I know that in many parts of the world folk are winding down for Christmas but it's a very different story here in Israel. We Celebrated Hanukkah, the Jewish Festival of Lights, last week with candle lighting, presents and yummy fried food. Now we are back to routine and life has returned to normal. No frantic shopping for us or huge meals to cook. Well actually, Jewish people tend to make huge meals every single week - for the Sabbath meals - so the cooking meals part doesn't count!
Hanukkah is celebrated for eight days and marks the victory of a group of Jews called the Maccabees over the Syrian Greeks, the most powerful army of the ancient world. At the end of a three year war the Maccabees recaptured Jerusalem and lit the seven-branched candelabrum, the Menorah, in the rededicated Holy Temple.
Nowadays Hanukkah is celebrated by lighting one additional candle on the Hanukkah (an eight-branched candelabrum similar in stlye to the one in the temple) each day to remind us of a great miracle that happened long ago. After the Maccabees defeated the Syrians and chased them out of Jerusalem, the Jews wanted to light the Temple Menorah again but there was one problem; there was only enough oil in the Temple to last for one night, yet it continued to burn for a full eight days, the length of time it took to press, prepare and consecrate the fresh olive oil.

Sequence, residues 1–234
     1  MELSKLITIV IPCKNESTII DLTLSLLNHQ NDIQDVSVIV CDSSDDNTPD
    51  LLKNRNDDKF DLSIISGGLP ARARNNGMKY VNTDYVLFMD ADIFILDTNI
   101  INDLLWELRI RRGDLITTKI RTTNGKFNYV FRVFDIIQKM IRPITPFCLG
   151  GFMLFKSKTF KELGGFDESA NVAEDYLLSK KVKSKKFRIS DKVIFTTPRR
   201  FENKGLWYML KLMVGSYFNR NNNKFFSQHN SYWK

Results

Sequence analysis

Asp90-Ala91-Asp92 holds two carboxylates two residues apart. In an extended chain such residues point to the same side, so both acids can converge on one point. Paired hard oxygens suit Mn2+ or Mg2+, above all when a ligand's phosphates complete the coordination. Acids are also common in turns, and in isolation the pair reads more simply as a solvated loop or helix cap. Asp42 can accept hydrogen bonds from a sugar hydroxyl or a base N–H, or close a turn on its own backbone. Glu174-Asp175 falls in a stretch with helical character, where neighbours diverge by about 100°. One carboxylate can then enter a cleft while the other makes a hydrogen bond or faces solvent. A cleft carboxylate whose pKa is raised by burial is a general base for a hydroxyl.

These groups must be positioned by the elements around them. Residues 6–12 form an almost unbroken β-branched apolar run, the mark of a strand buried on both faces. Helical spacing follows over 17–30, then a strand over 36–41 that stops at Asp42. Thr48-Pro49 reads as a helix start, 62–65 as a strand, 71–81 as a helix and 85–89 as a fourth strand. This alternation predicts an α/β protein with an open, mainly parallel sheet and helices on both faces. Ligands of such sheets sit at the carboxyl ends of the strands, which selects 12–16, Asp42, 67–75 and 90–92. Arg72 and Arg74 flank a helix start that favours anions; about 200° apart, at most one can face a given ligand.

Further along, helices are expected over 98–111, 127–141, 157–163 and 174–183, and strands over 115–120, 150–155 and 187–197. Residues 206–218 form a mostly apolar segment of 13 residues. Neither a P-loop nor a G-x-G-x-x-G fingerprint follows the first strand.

When we light the Menorah and sing the traditional Maoz Tzur (Rock of Ages) song it is to remember this miracle.
Because Hanukkah celebrates the miracle of oil, it is traditional to eat fried foods such as latkes and sufganiyot during the Holiday. Latkes are pancakes made out of potatoes and onions which are fried in oil. Sufganiyot are jam filled donuts that are fried and dusted with confectioners' sugar.
As a part of the Hanukkah tradition, we also play a game using a dreidel. The dreidel is a four-sided spinning top with a different Hebrew letter on each side. The four letters which appear on the four sides of the dreidel allude to the miracle of Hanukkah. They spell out: Nes (N-miracle), Gadol (G-great), Haya (H-happened) and Po (P-here, meaning in Israel). "A great miracle happened here". Outside of Israel, the letter Shin (S- there) replaces the Po (P-here).
All these traditions give significant meaning and importance to the festival, and add a little weight on the scales too!
Happy Holidays and best wishes from Israel,
by Lisa of handmadeinisrael
follow Lisa on her blog @ http://lisa-handmadeinisrael.blogspot.co.il/